How Do I Teach My Child “Self-Realization”

My daughter will be seven years old soon. I began introducing her to herself at around three when she began coming into that stage of losing control in sudden fits of negative emotion. Absolutely normal childhood progress according to all of the parenting psychology magazines… however my own heart would break to watch her growing up under the whim of physiological development with no personal say in how she felt at any given moment. I decided to rectify this immediately by letting her know in the simplest terms possible, that she did indeed have a say in how she feels.

Teaching Heart Magic First

In her room she has a small circus tent filled with stuffed animals. It’s a bright pink, magical place. One day when a mood had come upon her, perhaps for not being able to receive a candy or some other immediate desire, I saw the look of sadness and frustration on her face that soon threatened to overwhelm her and told her quite simply. “Baby, you don’t have to feel that. You can feel anything you want. You can feel happy if you want to. Try this. Go inside your tent. Close your eyes for a moment and find your happy. Change to that happy feeling.”

Over several weeks I repeated the teaching at various opportunity, in various simple terms. She got it rather quickly. And she employed it on her own. Being very fond of magic, the delivery of love or courage or bounty via her magic wand, she was quick to take up the exploration of her own self, too.

We teach her about her potential in a way that most parents do, I believe. We show her that through effort she may accomplish many things, and some she might not. We teach her the physical laws of the universe, the dangers of gravity and entropy, carelessness and the benefits of mindfulness, attention and patience. We show her the meaning and power of choice, let her know that her voice is something we respect and listen to her expressions very closely, speaking to her honestly about what she sees and feels. We speak to her with vocabulary that she can understand, only sometimes giving her a new word or concept to mull over in her developing brain. Concepts like the value of her word and the importance of integrity. We show her that the use of her word will have very real implications on how her immediate reality is going to manifest.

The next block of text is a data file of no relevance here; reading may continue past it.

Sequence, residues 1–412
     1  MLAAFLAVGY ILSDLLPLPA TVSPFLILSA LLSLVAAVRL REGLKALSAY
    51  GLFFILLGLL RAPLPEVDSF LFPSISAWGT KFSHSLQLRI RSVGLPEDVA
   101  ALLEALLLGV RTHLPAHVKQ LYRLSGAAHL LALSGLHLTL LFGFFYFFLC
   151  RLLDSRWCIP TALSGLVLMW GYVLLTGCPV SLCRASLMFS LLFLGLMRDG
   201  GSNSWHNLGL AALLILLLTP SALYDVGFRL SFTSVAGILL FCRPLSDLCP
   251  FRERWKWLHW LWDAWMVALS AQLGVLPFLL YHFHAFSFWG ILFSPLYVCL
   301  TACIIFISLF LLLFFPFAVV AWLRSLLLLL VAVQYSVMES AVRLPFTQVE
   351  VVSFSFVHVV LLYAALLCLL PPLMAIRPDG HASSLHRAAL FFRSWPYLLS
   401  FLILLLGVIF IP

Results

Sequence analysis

Baby Wants a Flower

Last week baby wanted a flower so we took a walk to the florist together. There she chose a flower for herself and one for her mother. I asked her if one was enough and whether or not she may like some more. She refused, satisfied with her choices. I then chose two more flowers for our family altar. She told me they were good choices, beautiful flowers, and hoped I would decorate the altar with them. She admired the beauty. I asked her again if she would like another, similar one for her own room and the altar on which she keeps her most prized toys and decorations. She said she needed no more. I felt we had done a good shopping and she seemed very satisfied. When we got home, she immediately asked that I give my flowers to mommy and let her decorate the living room with all the flowers we had bought. I said no. I would be keeping the two I purchased for the altar and decorate them there. She didn’t understand. She imagined in her child mind that such a change of heart was not out of the question and why on earth should I refuse. Thus began a small talk in the power of choosing our words and the effect that these word choices have on the manifestations of our reality.

How do I teach my children self-realization? It is a difficult and excellent aspiration. The child is very much at One with the Nature already, however is slowly, gradually and definitively being molded by daily experience. The separation is happening. And it must, of course. The human being must grow with a healthy sense of personal identity, within the dualist dichotomy, if only to get along in the world. But as the question suggests, a teaching of the greater reality, and the subtitles of the inner reality, may begin as soon as the parent is able to embark on that guidance and education. It begins with introducing the child to themselves, to their body, their mind and their emotion. It begins with an introduction to nature and the inter-connection of these four.

Be careful! The child knows a lot more than you might realize. They are wise without words, seeing at levels you may have forgotten about already. Be careful that in your quest to teach self-realization that you are not merely compounding the child’s developing belief system with your own developed sense of morals and ethics. Certainly that is part and parcel of the upbringing. But in self-realization there is a very real knowledge of freedom of being, too. That freedom, the child already knows, viscerally, so be careful how you balance your teaching as sometimes you may have to step on their toes. Gently.